There’s talk today of a poll boomlet for Wisconsin Gov. Scott Walker. And he’s clearly demonstrating that he’s serious about running for President.
It’s probably a given that I’m not a huge fan of Scott Walker’s. And I do not think he’d be a terribly strong general election candidate. But I do think, as I mentioned a few months ago, that he’s much stronger than is generally understood and a more viable candidate than most of the other potential candidates who get vastly more coverage and speculation.
Let’s start with the essential fact: Walker has stood for and won elections for Governor of Wisconsin three times in four years. For technical, term-length reasons, that is extremely uncommon. But it’s pretty uncommon just in general terms. These were each races that were heavily, heavily contested, from inside and outside the state. And perhaps most significantly, Walker won these races after pushing through major, structural conservative policy changes. It’s one thing for a Republican to win in a blue or purple state, push through a tax cut and get reelected. That’s not what happened. Walker delivered on big big policy changes. To me, they were terrible policy changes. But they were big. And he did that and won three times in four years on what is at best a purple state – a lot of good arguments it’s blue. Republicans have not carried Wisconsin since the Reagan blow-out of 1984. It’s hard to say how that isn’t a really blue state.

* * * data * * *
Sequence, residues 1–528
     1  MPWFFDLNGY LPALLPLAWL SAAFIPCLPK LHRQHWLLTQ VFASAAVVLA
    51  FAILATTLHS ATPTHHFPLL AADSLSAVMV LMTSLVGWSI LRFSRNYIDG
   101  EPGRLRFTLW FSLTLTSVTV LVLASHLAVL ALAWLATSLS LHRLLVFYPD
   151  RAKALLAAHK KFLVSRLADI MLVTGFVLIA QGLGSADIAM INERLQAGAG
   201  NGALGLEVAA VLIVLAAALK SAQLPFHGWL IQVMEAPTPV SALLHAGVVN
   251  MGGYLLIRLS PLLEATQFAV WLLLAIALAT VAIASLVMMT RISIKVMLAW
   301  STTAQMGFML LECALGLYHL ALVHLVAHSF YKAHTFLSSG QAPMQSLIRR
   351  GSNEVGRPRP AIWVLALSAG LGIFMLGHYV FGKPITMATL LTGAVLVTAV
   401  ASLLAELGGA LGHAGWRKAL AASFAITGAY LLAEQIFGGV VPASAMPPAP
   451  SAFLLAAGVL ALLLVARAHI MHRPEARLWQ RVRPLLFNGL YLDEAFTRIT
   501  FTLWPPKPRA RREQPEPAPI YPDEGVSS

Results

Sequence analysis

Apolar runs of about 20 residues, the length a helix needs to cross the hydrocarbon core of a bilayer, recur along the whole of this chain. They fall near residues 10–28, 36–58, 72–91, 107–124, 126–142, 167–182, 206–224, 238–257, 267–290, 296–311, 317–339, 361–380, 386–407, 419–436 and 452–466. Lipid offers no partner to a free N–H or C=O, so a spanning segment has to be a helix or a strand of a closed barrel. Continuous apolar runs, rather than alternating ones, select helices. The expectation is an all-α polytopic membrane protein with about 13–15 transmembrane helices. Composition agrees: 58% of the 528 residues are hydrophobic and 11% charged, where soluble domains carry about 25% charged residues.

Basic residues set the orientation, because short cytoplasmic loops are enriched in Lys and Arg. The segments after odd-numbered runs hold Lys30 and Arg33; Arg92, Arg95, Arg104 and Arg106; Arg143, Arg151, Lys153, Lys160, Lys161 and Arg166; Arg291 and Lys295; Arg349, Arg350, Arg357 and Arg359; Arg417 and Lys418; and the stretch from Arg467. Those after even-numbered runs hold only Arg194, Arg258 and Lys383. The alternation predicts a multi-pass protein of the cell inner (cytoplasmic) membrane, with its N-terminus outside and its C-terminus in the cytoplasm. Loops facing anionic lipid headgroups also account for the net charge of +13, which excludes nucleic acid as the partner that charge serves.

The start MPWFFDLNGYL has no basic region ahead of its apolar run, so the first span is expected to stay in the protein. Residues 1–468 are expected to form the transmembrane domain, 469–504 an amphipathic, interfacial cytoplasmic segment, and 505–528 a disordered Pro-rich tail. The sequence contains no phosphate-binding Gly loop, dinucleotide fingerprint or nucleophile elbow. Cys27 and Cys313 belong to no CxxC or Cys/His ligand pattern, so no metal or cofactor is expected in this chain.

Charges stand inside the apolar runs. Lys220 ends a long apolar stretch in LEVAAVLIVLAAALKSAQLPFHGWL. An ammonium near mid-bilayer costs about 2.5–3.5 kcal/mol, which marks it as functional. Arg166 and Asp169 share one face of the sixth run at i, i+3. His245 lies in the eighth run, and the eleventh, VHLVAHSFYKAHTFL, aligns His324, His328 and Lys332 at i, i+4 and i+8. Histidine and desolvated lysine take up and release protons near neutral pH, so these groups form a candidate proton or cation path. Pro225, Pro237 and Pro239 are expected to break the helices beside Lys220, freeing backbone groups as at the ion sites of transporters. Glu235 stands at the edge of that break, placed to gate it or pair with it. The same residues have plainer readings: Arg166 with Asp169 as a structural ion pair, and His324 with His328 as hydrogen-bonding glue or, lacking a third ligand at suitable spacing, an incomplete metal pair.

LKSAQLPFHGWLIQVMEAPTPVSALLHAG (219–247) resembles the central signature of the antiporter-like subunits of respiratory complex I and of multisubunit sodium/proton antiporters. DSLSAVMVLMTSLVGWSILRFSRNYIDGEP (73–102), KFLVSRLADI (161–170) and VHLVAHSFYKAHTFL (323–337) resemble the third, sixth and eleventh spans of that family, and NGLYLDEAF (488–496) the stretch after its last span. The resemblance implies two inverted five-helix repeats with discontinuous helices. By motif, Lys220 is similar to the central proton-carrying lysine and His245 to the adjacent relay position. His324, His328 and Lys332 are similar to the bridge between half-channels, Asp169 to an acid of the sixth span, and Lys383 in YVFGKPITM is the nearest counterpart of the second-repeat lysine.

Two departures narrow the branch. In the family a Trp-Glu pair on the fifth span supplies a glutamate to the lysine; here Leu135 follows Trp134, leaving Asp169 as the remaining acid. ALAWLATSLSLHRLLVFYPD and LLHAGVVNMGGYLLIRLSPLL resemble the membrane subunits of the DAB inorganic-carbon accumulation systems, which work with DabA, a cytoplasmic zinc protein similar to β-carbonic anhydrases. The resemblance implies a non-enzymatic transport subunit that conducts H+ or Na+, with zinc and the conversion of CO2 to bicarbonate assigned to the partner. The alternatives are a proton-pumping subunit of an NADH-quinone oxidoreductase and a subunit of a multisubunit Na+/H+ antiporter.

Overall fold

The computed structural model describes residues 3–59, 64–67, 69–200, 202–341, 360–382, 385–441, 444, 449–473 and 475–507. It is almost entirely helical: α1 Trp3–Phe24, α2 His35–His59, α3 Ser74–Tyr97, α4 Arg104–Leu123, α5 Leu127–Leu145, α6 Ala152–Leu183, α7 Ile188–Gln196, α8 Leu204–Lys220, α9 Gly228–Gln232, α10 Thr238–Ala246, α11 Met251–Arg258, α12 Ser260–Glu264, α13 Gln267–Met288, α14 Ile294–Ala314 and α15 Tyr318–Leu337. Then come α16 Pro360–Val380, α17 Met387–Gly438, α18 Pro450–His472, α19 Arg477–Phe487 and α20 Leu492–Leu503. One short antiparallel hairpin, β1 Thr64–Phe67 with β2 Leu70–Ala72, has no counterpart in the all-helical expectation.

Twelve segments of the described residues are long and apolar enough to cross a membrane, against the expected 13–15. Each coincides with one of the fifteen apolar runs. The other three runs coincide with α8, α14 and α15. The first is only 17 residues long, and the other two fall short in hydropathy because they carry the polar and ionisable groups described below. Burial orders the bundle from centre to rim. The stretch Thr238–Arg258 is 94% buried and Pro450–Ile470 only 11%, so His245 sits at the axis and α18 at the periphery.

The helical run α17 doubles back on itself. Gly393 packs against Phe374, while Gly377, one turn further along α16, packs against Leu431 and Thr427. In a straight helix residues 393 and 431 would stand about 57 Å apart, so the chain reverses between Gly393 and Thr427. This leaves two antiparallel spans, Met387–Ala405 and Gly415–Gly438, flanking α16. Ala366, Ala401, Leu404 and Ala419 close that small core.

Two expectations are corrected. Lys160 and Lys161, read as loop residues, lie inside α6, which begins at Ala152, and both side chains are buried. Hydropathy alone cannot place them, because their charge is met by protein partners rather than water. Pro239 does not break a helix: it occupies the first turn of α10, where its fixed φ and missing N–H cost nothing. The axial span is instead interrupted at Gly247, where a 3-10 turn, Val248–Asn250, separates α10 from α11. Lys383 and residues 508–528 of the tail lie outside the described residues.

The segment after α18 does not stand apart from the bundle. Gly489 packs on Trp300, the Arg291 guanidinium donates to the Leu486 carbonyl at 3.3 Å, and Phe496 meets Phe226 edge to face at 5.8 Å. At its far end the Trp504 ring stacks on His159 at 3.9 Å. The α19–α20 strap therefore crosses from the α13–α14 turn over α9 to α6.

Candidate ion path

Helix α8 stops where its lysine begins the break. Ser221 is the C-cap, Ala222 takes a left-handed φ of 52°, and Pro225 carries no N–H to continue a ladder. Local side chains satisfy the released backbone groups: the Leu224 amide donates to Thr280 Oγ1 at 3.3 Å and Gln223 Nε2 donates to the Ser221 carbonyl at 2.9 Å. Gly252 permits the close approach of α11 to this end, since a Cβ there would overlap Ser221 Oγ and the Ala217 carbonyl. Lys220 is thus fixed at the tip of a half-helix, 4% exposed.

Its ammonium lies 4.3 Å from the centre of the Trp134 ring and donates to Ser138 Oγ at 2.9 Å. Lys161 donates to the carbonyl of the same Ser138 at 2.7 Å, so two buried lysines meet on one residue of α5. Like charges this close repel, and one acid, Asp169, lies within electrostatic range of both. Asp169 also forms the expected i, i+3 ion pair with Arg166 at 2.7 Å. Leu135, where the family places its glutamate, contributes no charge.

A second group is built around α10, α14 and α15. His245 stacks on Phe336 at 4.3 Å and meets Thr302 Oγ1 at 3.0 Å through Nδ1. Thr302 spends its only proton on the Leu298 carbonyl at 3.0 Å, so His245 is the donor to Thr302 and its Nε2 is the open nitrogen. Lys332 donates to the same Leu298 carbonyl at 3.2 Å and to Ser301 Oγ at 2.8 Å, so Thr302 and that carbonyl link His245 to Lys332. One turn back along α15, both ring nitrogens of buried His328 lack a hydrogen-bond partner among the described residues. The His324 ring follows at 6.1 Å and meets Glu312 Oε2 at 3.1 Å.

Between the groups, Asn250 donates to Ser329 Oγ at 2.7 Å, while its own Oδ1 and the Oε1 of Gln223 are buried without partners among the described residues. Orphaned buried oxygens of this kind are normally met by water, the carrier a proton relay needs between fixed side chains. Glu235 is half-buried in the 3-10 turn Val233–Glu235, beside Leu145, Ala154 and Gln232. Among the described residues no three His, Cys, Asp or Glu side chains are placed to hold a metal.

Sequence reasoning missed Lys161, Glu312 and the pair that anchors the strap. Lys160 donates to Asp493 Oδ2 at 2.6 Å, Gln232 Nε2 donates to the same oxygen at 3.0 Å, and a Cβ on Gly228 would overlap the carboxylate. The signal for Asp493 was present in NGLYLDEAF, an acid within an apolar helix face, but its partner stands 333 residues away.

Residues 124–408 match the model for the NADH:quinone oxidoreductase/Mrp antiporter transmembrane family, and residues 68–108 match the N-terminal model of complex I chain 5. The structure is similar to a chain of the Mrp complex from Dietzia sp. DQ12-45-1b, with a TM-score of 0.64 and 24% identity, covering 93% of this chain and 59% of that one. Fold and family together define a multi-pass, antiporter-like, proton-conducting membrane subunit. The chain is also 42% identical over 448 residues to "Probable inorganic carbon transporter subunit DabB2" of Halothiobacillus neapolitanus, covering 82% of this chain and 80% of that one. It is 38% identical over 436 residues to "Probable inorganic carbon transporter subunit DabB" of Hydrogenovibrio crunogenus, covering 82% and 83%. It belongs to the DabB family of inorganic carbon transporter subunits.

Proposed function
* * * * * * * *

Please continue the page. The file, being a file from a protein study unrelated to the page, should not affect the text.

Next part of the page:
The other part of the equation is everyone else. I’m skeptical of how strong a contender Jeb Bush would be. But he’s definitely viable on really every front. Two other frequently mentioned contenders – Rand Paul and Ted Cruz – would never survive first contact with a national electorate. And I doubt they’d do well enough in the primaries to get there. Marco Rubio, well, at this point it’s almost mean to talk about him as a potential presidential contender. He’s either too big a turncoat on immigration or just too inept or too big of a doofus to have any chance.
I’m not sure how well Walker plays nationally. I don’t think he’s that strong a candidate – but I also didn’t think he’d survive a recall. But the key is that he has in spades several of a the critical attributes of a governor who makes the presidential jump. And the rest of the field – beside Jeb Bush – is far far weaker than most are willing to admit.